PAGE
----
If Elena Kagan is confirmed as the next Supreme Court justice, the court will have six Roman Catholics, three Jews and no Protestants.
President Barack Obama meets with his Supreme Court nominee, Solicitor General Elena Kagan. (Photo: Pete Souza, White House)
Baylor University law professor Mark Osler thinks the Supreme Court needs a Protestant voice.
"Does that matter? I think it does," he wrote on the Dallas Morning News blog. "Religious diversity is particularly important on a Court which so often gauges broad principles within the American population. For example, the Court often uses a 'shocks the conscience' test in assessing Constitutional violations in criminal cases. For many people, the conscience is formed largely through faith, and different faiths will shape the conscience in different ways. Without a diversity of faiths on the Court, and especially the representation of the largest religious bloc in the country, a discussion of 'conscience' may not reflect the truest sense of our common beliefs."
Diana Butler Bass, a recent leader at a Cooperative Baptist Fellowship meeting, lamented the lack of "Protestant sensibilities on the court."
She noted, "Protestants retain three general convictions that shape their worldview and impact the ways in which they engage the public square."
Those convictions are individual conscience; the belief that symbols "mean something" (such as the cross and the flag); and church-state separation.
"Missing from the bench upcoming years will be someone who empathizes with the Protestant worldview in a visceral way," wrote Butler Bass. "As religious cases multiply in an increasingly pluralistic world, I can't help but think that losing the lived memory of American Protestantism will be a loss for all of us indeed."
Susan Brooks Thistlethwaite, a senior fellow at the liberal Center for American Progress, thought that "the kind of Protestant spirit that drove the 'Founding Fathers' to disestablish religion (i.e., make it unconstitutional for states to financially support their favorite Protestant denomination) has a place in the mix, especially these days."
The former president of Chicago Theological Seminary said, "The liberal Protestant ethos is not a matter of a nose count of who is what religion on the Supreme Court, but of an awareness of the historic religious roots of our commitment to not establishing religion and all that that commitment entails today. The very freedom of religion is at stake when we cross the line to a 'public' religion – and freedom of religion is one of our core freedoms as Americans."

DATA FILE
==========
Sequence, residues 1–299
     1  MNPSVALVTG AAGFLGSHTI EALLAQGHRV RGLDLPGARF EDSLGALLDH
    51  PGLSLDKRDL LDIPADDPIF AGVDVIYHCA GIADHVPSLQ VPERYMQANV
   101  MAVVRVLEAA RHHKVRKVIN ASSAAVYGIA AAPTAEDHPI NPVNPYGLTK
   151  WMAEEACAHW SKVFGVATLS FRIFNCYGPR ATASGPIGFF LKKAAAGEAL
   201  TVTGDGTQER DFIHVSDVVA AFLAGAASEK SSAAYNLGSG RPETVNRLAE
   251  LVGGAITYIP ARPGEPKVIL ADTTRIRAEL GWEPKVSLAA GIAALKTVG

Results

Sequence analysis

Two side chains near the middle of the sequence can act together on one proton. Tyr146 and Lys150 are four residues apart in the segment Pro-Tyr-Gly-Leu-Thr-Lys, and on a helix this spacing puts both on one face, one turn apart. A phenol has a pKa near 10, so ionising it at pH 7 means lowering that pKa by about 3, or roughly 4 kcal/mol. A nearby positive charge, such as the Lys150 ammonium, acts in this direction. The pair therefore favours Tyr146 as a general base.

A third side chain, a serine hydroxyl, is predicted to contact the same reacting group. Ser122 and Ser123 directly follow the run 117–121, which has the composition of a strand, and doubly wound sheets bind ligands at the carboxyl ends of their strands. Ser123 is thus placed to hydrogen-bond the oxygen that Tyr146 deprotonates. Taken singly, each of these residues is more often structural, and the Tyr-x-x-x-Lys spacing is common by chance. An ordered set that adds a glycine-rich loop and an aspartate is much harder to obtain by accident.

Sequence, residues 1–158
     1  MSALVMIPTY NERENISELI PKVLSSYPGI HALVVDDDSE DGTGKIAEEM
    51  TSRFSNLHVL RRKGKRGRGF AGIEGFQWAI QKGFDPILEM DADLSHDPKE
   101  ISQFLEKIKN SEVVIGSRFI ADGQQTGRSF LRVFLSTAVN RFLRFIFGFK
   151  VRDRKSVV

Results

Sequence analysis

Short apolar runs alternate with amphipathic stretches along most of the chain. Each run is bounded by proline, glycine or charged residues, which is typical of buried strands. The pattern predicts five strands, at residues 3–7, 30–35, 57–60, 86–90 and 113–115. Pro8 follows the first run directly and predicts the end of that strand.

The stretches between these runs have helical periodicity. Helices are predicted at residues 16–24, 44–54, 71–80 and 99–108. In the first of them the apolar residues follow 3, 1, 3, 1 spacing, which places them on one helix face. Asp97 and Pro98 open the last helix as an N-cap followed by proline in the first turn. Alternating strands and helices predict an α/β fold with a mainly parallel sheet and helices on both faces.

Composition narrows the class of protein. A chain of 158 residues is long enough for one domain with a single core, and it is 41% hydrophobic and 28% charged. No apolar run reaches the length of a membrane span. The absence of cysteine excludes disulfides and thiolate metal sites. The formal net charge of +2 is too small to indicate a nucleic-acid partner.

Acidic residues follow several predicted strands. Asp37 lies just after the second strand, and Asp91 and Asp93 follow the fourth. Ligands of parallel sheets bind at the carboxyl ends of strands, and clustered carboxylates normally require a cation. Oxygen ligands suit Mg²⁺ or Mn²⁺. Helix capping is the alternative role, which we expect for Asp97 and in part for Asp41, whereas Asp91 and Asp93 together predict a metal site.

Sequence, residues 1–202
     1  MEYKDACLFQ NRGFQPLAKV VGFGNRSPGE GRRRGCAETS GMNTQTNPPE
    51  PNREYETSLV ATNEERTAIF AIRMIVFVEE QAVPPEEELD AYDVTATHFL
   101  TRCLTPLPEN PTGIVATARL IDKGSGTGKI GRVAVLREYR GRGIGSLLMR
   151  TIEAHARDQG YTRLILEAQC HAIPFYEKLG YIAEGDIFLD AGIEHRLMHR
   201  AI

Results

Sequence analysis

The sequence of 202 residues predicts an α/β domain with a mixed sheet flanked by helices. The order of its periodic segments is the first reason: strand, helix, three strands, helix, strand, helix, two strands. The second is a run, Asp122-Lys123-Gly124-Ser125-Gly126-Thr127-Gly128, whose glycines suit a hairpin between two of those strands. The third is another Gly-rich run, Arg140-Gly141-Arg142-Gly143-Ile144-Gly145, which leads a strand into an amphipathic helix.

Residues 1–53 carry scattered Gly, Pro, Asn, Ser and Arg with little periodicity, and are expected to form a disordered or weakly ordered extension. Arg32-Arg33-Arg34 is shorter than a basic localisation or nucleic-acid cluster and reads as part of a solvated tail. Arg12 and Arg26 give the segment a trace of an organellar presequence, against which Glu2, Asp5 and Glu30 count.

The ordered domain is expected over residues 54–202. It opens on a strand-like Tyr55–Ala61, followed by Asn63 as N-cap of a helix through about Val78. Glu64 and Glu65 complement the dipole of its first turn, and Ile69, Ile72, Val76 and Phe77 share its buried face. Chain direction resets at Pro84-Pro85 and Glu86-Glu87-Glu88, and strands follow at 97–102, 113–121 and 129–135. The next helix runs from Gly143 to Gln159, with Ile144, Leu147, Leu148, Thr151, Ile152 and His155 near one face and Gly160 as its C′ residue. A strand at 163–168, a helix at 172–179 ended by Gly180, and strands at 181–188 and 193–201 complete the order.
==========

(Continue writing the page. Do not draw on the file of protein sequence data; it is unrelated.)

Before the nomination of Kagan, two senior fellows at the conservative Family Research Council, Ken Blackwell and Bob Morrison, wrote that "a serious Evangelical will not be seriously considered for the U.S. Supreme Court...Evangelicals have been passed over so many times that it's as if they're invisible."
A few days earlier, writing about Protestants, not evangelicals, a commentator on FoxNews.com, Mark Joseph, said, "It remains troubling that a political culture that champions diversity is on the verge of having a Supreme Court that doesn't share the religious views of nearly two-thirds of its population."
Other commentators said religion didn't and shouldn't matter.
Conservative columnist and former Moral Majority leader Cal Thomas wrote, "The 'numbers game' counting Protestants, Catholics and Jews on the bench ought to be as unimportant as the number of blacks and women. It is the law that should be supreme and not a judge's religious faith."
Charles Haynes, senior scholar at the Freedom Forum First Amendment Center, pointed out that 91 of the 112 Supreme Court nominees have been Protestants.
"I think it is fair to say that most evangelical Protestants will be happy to see him [the last Protestant on the Court – Justice Stevens] go just as many liberal Protestants will mourn his loss. What matters in a Supreme Court nominee for many religious people on the Right and Left is not religious affiliation but core principles and judicial philosophy, especially as applied to such issues as abortion, same-sex marriage and the separation of church and state," said Haynes, who has spoken at several Baptist Center for Ethics conferences.
The lack of a Protestant on the Supreme Court may not matter constitutionally, but it seems to matter culturally for any number of commentators – and for much different reasons.
Like the presidency, a seat on the Supreme Court signals cultural advantage, cultural ascendancy. When the first Catholic, Jew, African-American, Hispanic and woman gained a seat on the court, it signaled a mainstreaming, an acceptability of their faith, race or gender. It was a source of pride.
What is unclear is whether the reverse will be true. Will the lack of a Protestant on the Supreme Court be a consequential and unforeseen negative for Protestants and others?
Robert Parham is executive editor of EthicsDaily.com and executive director of its parent organization, the Baptist Center for Ethics.